Tuesday, February 06, 2007

Good luck to our friends in Arkansas

Many of our friends around the country are facing the same issues in their states that we are facing in South Carolina, and, in fact, lots of parent advocates have called us to ask for guidance on introducing legislation in their own states. Below is a letter from a newfound friend, Dianna Varady, pertaining to some legislation in Arkansas that seeks coverage for their kids. I thought this was a great letter and just thought I'd share it here.

Dear Friends,

I am writing to you today to ask for your help. There is a bill going before the Senate Insurance and Commerce Committee soon, Senate bill 93, which if passed, would mandate private insurance coverage for individuals with autism spectrum disorders. Many of you who receive this communication have children with an autism spectrum disorder, and so you will understand the importance of this bill. To those of you who do not have a child of your own suffering from autism, you probably know of at least one other family besides mine who is struggling with the costs of providing adequate treatment and care for their autistic child.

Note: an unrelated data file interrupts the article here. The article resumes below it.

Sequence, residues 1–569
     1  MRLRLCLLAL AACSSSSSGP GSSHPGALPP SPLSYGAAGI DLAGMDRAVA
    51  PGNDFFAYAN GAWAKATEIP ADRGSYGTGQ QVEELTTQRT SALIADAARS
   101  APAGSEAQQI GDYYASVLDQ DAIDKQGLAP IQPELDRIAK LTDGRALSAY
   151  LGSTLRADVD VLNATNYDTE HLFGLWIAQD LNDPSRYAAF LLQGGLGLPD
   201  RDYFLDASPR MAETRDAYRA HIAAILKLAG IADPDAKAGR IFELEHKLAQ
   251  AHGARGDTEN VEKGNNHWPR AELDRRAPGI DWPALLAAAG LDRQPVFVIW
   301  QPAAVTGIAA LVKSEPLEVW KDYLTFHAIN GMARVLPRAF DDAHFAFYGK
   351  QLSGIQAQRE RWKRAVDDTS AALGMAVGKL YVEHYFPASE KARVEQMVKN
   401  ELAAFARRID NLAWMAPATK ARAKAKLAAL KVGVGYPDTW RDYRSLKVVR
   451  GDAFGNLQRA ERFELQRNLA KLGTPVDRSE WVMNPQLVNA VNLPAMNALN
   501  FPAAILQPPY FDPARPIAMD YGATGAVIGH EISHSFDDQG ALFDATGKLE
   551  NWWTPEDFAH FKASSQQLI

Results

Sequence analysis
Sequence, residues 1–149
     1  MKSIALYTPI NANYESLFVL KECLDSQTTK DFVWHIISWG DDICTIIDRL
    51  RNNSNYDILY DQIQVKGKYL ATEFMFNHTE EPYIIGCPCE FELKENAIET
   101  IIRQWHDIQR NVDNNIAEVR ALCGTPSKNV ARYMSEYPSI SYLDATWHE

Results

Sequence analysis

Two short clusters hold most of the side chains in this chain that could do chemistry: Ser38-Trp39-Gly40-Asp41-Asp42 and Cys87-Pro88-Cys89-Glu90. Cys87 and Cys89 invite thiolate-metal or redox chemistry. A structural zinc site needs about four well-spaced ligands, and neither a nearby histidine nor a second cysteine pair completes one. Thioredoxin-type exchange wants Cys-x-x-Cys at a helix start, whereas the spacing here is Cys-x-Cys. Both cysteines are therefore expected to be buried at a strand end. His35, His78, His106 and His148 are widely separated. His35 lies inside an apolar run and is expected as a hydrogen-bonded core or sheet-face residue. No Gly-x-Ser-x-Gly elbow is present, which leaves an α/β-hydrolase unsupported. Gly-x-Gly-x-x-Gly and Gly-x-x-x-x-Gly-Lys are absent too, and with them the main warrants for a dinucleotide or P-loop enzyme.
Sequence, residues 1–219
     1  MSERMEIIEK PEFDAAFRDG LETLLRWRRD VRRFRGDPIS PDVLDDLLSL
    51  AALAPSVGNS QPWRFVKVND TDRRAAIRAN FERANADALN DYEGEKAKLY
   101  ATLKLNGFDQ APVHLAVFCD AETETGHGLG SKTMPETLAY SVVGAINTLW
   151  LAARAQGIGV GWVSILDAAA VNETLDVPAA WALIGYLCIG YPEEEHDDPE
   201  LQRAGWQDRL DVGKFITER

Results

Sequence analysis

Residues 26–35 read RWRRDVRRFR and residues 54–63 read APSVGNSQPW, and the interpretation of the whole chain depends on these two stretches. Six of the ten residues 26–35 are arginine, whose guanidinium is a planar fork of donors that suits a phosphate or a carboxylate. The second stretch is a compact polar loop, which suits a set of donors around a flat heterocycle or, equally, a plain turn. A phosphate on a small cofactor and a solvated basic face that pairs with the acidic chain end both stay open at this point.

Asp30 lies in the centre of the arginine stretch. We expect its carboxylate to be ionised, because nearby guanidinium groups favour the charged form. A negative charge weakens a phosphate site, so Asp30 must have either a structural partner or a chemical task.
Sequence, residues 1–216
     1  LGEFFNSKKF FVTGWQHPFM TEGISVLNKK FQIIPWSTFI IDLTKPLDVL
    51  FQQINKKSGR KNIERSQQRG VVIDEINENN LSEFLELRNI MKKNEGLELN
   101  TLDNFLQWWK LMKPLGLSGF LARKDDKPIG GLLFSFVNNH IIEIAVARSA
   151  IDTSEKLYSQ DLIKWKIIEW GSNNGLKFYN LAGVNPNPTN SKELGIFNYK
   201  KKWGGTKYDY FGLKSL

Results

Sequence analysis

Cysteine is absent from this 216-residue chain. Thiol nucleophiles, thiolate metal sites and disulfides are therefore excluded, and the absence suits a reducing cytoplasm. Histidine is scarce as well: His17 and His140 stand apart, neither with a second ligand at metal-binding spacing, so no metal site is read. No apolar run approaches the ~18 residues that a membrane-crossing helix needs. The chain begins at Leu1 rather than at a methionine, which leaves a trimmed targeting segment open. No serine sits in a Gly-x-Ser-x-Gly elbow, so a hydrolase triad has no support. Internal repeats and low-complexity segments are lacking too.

Finding a way to provide proven treatments for our son Bradley has been a constant struggle since he was diagnosed almost 2 years ago. We assumed wrongly that our insurance policy would cover treatment for autism – after all, our insurance covers treatment for other neurological conditions like epilepsy, cerebral palsy, or even depression. We soon learned that this was not the case. Luckily for us, Arkansas allows families with children who are medically needy the opportunity to purchase Medicaid for their child (TEFRA). So, now in addition to our family health insurance premium, we pay a second premium to Medicaid to make sure that our son gets at least some treatment for autism. However, we soon learned that the amount of therapy provided for children with autism via Medicaid funding is woefully inadequate, so we began scrimping and saving to provide additional therapy for our son, and we have become “pseudo” therapists ourselves. Every minute with Bradley is spent working to help him overcome the numerous obstacles he faces: difficulties with basic communication, difficulties with sensory integration (acute sensitivity to sights, sounds, tastes, smells, and touch), difficulty with obsessive behavior and extreme anxiety. There is no pill to address the symptoms of autism – the most studied and most effective treatment is early intensive behavioral therapy – and lots of it.